Today, let's see how a 50-year-old prediction works out. The University of Houston's College of Engineering presents this series about the machines that make our civilization run, and the people whose ingenuity created them.
Just before WW-II, Vannevar Bush directed the NACA -- NASA's forerunner. Then he took over Roosevelt's new Office of Scientific Research and Development.
In 1945 he published an Atlantic Monthly article. He tried to predict future technology. How right he was in the big picture! How wrong he was in one fundamental detail!
During the '30s, Bush had taken the analog computer about as far as anyone could. His Rockefeller Differential Analyzer was the grandest computer ever built. Yet by 1945 the new digital computer had made it obsolete. The analog/digital issue is the only thing that mars Bush's otherwise stunning prediction.
We use the word analog for processes analogous to the continuous ones we experience in nature. A digital computer is more abstract. It breaks text, or any other kind of information, into sequences of plus/minus signals.
The central problem that drove Bush's vision was the mounting flood of information. That was only going to get worse. How will we cope with it, he asked. His analog answer was microphotography and optical scanners -- all aided by the analog computer. Bush never whispers the words "digital storage."
Still, the computer is the lynchpin of his prediction. He sees with utter clarity that it's going to permeate information-handling in everyday life. For example, he takes us to a new department store.
A customer hands the clerk his private punched card. The clerk adds a price card from each item. He lines them up in a slot. The machine automatically corrects the inventory. It charges the customer. It prints a receipt. Bush saw the credit card and the bar-code coming. But he saw them in analog form.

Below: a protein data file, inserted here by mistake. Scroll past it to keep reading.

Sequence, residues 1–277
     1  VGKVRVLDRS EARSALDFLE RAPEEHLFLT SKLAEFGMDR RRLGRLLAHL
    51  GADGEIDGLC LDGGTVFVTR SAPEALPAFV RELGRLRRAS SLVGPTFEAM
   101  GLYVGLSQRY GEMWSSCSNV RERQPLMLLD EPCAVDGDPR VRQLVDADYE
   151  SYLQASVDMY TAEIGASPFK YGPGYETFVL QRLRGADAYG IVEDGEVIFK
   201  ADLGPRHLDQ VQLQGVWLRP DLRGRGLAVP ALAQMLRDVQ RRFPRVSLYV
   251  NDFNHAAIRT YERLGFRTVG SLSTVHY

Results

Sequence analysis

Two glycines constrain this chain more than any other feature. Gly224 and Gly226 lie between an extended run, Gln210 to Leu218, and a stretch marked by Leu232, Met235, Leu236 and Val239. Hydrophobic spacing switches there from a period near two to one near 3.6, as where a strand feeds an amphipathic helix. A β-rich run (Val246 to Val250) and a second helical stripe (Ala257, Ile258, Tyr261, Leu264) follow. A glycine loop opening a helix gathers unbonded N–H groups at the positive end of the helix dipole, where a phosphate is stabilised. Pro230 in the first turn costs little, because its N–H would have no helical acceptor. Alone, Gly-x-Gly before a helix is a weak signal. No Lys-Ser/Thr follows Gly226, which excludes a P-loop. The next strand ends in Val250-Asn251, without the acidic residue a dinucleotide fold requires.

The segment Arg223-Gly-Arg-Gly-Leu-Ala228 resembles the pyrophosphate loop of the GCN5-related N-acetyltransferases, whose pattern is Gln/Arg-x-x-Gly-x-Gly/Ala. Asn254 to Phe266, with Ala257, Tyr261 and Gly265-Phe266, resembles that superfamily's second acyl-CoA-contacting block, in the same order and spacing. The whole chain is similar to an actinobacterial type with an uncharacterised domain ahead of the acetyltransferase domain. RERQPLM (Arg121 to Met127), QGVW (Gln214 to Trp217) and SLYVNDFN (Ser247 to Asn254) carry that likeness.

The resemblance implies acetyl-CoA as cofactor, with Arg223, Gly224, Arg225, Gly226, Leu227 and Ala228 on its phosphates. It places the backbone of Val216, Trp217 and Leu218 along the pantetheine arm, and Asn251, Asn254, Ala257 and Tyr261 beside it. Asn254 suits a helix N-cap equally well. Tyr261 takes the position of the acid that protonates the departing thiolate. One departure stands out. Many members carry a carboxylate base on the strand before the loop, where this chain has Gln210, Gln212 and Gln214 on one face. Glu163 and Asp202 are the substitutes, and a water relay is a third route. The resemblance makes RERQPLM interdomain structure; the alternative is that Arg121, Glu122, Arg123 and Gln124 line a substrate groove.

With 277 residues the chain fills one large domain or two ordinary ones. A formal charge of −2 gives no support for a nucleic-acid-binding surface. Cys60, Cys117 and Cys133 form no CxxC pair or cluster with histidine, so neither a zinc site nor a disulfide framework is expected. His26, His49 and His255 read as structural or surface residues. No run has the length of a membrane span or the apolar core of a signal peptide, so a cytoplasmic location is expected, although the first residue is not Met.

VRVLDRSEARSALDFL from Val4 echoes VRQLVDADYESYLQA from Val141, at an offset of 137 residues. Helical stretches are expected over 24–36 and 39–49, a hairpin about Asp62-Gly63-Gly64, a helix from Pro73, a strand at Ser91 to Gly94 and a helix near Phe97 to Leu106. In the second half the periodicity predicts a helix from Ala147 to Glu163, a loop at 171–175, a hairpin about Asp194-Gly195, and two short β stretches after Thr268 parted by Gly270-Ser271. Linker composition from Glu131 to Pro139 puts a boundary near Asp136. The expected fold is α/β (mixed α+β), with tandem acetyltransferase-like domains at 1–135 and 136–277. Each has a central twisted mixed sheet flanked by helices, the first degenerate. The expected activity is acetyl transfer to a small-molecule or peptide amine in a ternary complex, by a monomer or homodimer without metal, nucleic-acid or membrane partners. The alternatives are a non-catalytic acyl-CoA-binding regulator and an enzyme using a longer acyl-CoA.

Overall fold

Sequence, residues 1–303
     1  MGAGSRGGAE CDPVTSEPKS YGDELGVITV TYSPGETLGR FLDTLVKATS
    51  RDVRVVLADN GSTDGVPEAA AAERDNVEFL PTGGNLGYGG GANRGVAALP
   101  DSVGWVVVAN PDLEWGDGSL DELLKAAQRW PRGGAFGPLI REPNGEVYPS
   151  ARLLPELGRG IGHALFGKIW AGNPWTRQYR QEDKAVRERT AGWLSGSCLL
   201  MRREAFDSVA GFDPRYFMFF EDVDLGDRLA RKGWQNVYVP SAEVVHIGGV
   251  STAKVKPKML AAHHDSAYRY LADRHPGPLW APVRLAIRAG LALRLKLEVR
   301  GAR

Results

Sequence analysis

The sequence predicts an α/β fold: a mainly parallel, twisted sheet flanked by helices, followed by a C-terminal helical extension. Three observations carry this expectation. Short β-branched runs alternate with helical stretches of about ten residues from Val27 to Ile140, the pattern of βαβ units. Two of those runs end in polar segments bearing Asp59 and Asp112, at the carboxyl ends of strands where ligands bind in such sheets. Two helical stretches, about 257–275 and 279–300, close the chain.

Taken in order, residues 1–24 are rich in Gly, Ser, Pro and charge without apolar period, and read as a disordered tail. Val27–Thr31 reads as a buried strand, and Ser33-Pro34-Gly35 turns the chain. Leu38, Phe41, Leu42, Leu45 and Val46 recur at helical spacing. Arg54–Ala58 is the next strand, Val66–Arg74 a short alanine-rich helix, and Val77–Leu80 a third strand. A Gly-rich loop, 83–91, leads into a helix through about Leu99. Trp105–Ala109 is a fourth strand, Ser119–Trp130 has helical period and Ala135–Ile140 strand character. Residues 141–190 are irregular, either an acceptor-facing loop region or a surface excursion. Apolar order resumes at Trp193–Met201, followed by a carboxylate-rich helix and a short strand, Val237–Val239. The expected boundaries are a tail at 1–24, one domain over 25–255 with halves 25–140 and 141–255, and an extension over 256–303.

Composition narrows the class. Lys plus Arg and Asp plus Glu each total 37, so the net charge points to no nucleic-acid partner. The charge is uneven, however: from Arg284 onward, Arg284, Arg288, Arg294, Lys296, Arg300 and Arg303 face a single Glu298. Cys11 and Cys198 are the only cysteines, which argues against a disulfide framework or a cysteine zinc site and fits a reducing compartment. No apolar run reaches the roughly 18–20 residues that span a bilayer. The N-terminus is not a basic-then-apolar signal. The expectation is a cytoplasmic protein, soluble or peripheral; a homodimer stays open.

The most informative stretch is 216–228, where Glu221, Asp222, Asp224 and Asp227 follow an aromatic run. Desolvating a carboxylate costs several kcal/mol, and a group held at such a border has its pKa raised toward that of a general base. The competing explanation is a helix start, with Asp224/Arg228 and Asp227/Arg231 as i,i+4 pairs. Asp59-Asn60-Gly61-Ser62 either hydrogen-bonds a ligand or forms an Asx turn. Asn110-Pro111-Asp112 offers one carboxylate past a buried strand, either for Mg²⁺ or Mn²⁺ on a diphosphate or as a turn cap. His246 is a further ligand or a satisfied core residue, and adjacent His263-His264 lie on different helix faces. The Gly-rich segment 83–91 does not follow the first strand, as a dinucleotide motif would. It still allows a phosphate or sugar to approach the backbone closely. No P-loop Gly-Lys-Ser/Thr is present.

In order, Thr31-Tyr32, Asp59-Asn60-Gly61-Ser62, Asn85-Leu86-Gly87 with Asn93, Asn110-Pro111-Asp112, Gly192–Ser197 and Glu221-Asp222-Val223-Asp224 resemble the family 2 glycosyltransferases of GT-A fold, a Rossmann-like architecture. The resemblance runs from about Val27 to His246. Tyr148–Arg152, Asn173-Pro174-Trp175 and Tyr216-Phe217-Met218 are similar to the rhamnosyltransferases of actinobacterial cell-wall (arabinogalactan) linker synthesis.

There's more. He says we'll encode speech. He's vague on how we'll do that, though. Small wonder! We're only doing that now with digital sound storage -- more plus/minus signals.
Vannevar Bush's magical vision saw that our next great intellectual frontier lay in managing a flood of information. In 1945, the other futurists turned their crystal balls on travel and power production. Bush ends by saying,
[Man] has built a civilization so complex that he needs to mechanize his records more fully if he is to push his experiment to its logical conclusion [without being bogged down by] his limited memory. [He must] reacquire the privilege of forgetting [all the] things he does not need ..., with some assurance that he can find them again if they prove important.
The other prophets didn't see that the twin issues of information retention and access would dominate the end of this century. But Bush did, and he did so with eerie clarity.
I'm John Lienhard, at the University of Houston, where we're interested in the way inventive minds work.
Bush, V., As We May Think. The Atlantic Monthly, July 1945.
The Vannevar Bush article was urged on me by Judy E. Myers, University of Houston Library, in the context of an ongoing conversation about information access. See also Episode 27 on Bush's Differential Analyzer.
Where Bush's idea came to rest